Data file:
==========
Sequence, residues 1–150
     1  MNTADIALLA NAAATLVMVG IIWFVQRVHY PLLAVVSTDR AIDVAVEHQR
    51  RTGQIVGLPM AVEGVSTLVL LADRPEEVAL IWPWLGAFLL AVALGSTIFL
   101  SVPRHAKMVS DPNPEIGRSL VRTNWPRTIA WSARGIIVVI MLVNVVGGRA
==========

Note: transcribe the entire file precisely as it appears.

Sequence, residues 1–150
     1  MNTADIALLA NAAATLVMVG IIWFVQRVHY PLLAVVSTDR AIDVAVEHQR
    51  RTGQIVGLPM AVEGVSTLVL LADRPEEVAL IWPWLGAFLL AVALGSTIFL
   101  SVPRHAKMVS DPNPEIGRSL VRTNWPRTIA WSARGIIVVI MLVNVVGGRA